Participants in these movements were uniformly deemed leftists or radicals or revolutionary bums by the mainstream. This oversimplification obscured the true linkages that existed between the different movements. From the inception of the Women's Rights Movement, it has drawn on ideas originating in the Civil Rights Movement. In particular, the Civil Rights Movement played a significant role in sparking the Women's Rights Movement, and it continued to influence the women's movement because of their shared ideologies. By the early sixties, older women had grown increasingly frustrated with their domestic duties, resulting in the formation of associations like the National Organization for Women (NOW) that focused on changing discriminatory laws (Bloom and Breines, Taking It To The Streets, 460).
These occurrences can be defined in the social change aspect and attributed to an array of social organizations that fought for equality and self-determination of women in societal pe... ... middle of paper ... ..., 2004). Contrary to early studies on the roles of mothers as perceived by the American society that regarded women as inferior and incapable (Wright, 1977), modernism and post modernism has resulted to varied and informed revelations of these roles that mothers play in the family context. Confining a woman to solely being a sexual object and child bearer is not only perceived as obscene, but also as wrong by constitutional terms. The established policies on the acknowledgement of women’s role in the society have propelled women to excel more in academic and career fields. The traditional ideology of mothers as purely housewives and the confinement of those mothers to motherhood have shifted to perspectives of quite capable individuals who the domestic grounds are not the limiting factors in the achievement of goals by the woman model in the society (Cherlin, 2004).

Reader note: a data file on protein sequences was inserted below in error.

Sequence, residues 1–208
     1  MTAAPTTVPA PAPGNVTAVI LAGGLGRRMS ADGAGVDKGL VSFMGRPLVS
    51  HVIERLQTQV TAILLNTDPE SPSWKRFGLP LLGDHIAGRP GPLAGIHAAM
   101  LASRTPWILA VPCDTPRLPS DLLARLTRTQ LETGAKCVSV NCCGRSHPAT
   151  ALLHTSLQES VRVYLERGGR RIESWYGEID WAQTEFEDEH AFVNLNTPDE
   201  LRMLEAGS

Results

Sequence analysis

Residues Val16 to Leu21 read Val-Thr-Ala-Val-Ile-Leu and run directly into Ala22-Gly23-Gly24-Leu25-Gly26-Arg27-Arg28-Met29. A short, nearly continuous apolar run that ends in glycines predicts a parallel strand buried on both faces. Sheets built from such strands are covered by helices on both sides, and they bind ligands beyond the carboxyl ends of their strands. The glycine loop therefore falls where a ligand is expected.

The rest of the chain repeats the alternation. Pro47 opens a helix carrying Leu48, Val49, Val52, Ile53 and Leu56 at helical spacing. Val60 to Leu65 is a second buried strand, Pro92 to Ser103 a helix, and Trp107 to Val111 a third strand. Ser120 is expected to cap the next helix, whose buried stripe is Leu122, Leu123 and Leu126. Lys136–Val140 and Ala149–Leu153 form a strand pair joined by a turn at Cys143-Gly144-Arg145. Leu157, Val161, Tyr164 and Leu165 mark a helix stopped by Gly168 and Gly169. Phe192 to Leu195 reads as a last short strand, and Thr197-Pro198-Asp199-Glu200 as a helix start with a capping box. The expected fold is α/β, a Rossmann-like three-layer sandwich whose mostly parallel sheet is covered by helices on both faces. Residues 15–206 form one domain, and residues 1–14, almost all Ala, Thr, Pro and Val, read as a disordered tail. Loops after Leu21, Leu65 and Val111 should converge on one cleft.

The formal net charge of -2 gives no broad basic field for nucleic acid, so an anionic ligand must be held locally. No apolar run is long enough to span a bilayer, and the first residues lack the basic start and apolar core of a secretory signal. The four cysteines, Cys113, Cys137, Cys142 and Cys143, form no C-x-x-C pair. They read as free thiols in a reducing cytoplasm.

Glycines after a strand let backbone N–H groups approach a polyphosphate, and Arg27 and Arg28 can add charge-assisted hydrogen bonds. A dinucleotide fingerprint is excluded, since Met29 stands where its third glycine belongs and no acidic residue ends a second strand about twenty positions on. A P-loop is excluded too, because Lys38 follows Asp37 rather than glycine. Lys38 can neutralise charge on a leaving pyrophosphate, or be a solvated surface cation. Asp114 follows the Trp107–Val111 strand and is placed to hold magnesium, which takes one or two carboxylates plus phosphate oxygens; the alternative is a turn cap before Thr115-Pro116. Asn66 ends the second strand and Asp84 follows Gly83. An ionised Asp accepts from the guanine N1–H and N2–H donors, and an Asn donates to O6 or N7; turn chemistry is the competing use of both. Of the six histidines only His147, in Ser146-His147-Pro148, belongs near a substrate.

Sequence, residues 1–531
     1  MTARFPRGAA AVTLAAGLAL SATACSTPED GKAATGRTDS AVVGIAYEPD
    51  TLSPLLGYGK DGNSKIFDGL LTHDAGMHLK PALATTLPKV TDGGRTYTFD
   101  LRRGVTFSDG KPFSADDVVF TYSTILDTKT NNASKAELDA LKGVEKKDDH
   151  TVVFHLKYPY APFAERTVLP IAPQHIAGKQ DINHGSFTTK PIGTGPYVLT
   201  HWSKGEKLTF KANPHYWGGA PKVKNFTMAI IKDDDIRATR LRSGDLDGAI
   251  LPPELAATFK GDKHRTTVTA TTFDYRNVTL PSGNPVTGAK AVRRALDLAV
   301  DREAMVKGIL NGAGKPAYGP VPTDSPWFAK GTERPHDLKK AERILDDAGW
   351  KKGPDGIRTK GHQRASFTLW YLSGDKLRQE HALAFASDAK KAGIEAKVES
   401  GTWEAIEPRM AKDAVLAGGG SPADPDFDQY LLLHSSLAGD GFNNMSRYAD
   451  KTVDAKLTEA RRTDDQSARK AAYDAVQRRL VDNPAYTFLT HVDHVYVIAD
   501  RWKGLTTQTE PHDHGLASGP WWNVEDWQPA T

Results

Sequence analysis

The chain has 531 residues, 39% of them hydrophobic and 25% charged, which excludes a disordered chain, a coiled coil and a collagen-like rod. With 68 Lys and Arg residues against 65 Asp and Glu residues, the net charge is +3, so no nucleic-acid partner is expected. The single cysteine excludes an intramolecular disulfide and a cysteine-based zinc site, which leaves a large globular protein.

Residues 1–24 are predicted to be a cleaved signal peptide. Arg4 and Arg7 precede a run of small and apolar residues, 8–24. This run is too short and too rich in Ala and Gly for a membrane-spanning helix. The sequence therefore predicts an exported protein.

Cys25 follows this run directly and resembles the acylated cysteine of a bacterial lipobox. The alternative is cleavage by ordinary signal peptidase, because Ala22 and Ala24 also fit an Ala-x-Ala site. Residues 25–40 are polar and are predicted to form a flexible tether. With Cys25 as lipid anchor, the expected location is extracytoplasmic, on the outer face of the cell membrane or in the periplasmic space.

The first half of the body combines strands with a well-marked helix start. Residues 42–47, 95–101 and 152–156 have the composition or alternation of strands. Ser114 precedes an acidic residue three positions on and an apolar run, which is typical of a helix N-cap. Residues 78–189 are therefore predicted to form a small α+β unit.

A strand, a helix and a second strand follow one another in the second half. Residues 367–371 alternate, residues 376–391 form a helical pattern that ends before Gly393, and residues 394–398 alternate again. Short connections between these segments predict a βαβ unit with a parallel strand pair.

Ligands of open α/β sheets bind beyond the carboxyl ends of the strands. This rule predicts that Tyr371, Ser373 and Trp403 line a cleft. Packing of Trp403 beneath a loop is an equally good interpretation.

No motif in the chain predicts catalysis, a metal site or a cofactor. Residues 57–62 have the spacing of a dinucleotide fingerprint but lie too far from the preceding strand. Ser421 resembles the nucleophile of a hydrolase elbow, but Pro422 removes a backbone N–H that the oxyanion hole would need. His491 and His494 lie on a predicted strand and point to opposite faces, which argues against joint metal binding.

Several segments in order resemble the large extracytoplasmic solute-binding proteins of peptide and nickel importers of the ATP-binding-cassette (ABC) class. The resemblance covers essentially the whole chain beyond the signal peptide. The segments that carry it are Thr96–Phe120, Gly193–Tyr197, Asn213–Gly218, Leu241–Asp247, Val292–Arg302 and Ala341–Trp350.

“In fact, the movement was deeply divided between young and old, upper-class and lower-class, conservative and radical.”(“The 1960s-70s American Feminist Movement: Breaking Down Barriers For Women”). This diverse group of females all began to question traditions, and even beliefs in which they had been raised to conform to. This era of protest slowly, but surely began to change the roles of women in society as double standards were exposed and gender discrimination prohibitions were added into the Civil Rights Acts. Such double standards consisted certain ac... ... middle of paper ... ...., n.d. Web.
There has been a significant shift in this generation when it comes to gender roles and identity. In her book, Peril examines advertisements and propaganda from the 1940s to 1970s, when gender roles apparently influence stereotypes and societal pressure on women in America. In one of her examples, Betsy Martin McKinney told her readers of Ladies’ Home Journal that the sexual role of women is to have intercourse and complete it with pregnancy and childbirth and denying it would be denying her femininity.2 It is not right to take one person’s word and speak it fo... ... middle of paper ... ...xample, the sitcom Who’s the Boss? that is about a single mother who lives in a nice neighborhood with male nanny that takes care of her children. This show tells the audience how it is in reality as well.
In essence, the 1950s and 1960s harbored essential events and changes in society such as the Women’s Feminist movement, the Civil Rights Movement, and the emergence and containment of communism which have had a huge influence on the societal customs of today. In the 1950s and 1960s, although women had received voting rights in 1920, certain aspects of societal customs were still not equal. For example, women of the 1960s were often anticipated to follow an early 1900s domestic lifestyle and were expected to care for the children and manage the cleanliness of the home itself. Additionally, if women decided to partake in the workforce they were often paid miniscule wages in regards to the earnings of their male counterparts. From this point, working women created the American feminist movement, in which most women with careers began to strive for total equality.